Photo by Audrey Johnson
[ID: Audrey is mid movement bending in a spiral with arms reaching diagonally, back facing the camera. Audrey is a lightly melanated Black woman with a low afro puff ponytail, wearing loose clothing. The plants are lime to dark green, there is a dappling shadow of a tree in the foreground.]
Editor’s Note: Audrey Johnson is a Spring 2023 CA$H grantee. This article highlights her funded activities and vision.
As I sit on a porch overlooking a small meadow, the sky in a sensual humid holdout with the rain, crickets holding their breath as the trees tease coming winds, I am breathing within my now near daily practice of attunement. The meadow, the porch and I are on Cherokee land in the Blue Ridge mountains of northern Georgia, on the final days of an artist residency at the Hambidge Center. Here to dig into my performance project land|body|memory, much of my time has been spent attuning, breathing, feeling and just being.
On this porch, I am a few hours’ drive north of Macon, GA, the hometown my grandparents left for Detroit, MI, which is Anishinaabe land, along with so many of our folks during the Great Migration. Eventually they ended up in a house on Whitney Street, where in the ‘90s and early 2000s I would spend frequent days of my childhood sitting on my grandmother’s porch, eating Oreos, making mudpies in the dirt with my cousins, playing in the small urban meadows across from and to the left of their home (in other contexts also called vacant lots, abandoned, or blight).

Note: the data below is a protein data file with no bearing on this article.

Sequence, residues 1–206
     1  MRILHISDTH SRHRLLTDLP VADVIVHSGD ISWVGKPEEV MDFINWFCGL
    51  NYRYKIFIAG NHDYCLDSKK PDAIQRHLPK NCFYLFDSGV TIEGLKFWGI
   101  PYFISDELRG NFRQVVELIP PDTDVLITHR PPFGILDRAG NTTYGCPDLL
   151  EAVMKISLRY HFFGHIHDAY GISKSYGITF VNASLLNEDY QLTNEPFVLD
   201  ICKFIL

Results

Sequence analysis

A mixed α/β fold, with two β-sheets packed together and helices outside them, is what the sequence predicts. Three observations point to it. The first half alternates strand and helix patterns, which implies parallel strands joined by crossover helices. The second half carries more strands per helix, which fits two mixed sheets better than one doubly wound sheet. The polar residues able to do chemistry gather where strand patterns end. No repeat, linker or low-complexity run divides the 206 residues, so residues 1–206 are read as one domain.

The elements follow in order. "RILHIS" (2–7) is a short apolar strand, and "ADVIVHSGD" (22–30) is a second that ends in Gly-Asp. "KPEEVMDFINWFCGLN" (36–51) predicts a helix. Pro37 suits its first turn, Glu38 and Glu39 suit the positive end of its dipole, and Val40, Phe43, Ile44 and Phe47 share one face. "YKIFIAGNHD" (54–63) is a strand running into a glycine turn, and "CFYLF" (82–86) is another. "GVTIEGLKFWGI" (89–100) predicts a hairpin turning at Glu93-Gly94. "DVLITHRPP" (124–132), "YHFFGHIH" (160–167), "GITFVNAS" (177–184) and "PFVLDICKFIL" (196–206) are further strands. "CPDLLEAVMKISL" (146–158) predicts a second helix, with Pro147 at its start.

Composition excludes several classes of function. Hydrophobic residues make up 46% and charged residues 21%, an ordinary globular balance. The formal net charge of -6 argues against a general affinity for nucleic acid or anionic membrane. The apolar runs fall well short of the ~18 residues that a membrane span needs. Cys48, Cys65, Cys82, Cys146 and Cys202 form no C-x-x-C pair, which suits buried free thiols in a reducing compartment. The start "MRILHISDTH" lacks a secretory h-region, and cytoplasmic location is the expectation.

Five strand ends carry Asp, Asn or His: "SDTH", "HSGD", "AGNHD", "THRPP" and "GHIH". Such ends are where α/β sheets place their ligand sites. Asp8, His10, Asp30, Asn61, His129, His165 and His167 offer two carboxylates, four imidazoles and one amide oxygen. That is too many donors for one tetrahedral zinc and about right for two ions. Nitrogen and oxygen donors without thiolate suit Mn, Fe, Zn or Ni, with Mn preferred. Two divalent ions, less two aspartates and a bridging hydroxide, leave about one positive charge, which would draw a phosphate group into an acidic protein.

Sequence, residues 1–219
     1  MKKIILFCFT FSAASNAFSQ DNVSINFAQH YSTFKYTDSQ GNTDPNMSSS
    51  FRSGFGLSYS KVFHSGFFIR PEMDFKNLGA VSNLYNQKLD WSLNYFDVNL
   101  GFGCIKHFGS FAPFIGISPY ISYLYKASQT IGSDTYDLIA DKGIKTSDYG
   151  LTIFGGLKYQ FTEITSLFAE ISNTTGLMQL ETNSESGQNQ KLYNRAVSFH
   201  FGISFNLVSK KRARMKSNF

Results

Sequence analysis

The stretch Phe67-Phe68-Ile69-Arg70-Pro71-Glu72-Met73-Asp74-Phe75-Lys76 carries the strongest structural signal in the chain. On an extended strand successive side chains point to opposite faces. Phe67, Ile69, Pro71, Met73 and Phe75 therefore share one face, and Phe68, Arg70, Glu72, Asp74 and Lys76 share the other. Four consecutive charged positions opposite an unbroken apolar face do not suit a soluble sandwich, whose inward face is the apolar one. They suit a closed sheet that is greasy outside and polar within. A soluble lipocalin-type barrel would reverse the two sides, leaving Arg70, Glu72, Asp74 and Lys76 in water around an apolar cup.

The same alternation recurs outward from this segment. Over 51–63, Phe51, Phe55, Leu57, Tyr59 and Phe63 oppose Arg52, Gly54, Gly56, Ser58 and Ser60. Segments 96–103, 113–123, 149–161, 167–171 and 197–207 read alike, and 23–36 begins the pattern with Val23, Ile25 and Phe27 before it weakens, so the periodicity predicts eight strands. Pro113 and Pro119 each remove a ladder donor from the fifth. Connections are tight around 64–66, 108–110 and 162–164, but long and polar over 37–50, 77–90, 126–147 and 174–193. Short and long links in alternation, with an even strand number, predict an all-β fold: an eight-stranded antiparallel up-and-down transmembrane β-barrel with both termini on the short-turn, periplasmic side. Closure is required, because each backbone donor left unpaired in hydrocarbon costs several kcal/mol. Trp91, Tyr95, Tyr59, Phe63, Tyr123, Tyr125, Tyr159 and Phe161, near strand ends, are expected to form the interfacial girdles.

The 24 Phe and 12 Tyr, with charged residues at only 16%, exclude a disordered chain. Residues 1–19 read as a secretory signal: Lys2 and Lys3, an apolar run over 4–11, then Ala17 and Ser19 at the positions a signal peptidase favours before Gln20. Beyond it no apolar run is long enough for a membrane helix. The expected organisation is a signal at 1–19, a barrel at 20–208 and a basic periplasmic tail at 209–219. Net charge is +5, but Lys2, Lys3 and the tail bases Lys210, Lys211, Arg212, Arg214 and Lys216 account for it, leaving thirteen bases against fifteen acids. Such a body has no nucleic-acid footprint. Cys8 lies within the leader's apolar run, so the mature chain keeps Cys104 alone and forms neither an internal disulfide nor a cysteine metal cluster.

Though the home is no longer in our family and my memories are colored in the skewed blurriness of a child’s eyes, the home and street is a present place in my body-memory. The feeling shows up as a sense of slow wonder, and a reoccuring attraction to open grassy spaces, such as those speckling the neighborhoods of ungentrified Detroit.
These mini meadows, and the meadow I am looking out at now, are necessary spaces in which I have experienced my own Black queer feminist imagination, breathing, delicious boredom and zoning out dreaming time.
Here in Georgia on the porch, and in all the life that will happen beyond it, I locate myself as a part of this land, through my lineage as well as my present experience and participation with it. In my reattunement to the experience of “just being,” I give a dear nod to bell hooks, who in Belonging describes porches as liminal spaces, meeting places, places for Black fellowship and “a willingness to be known.” hooks writes, “A perfect porch is a place where the soul can rest.”
I’ve been practicing letting my soul and body rest, and allowing myself to know and be known by the land. This has been the crux of my creative work here really, once I let go of the expectations/assumptions that a residency should be more “productive” creatively than my life at home. Taking full breaths. Naps. Walks in the trees. Gazing at the sky. Time to listen to the plants and bugs, tracking the rhythms of the cicada and cricket chorus, their shifts in musical scores throughout different parts of the day and night.
All of these practices have been, for me, methods of attunement: to the land and to ourselves.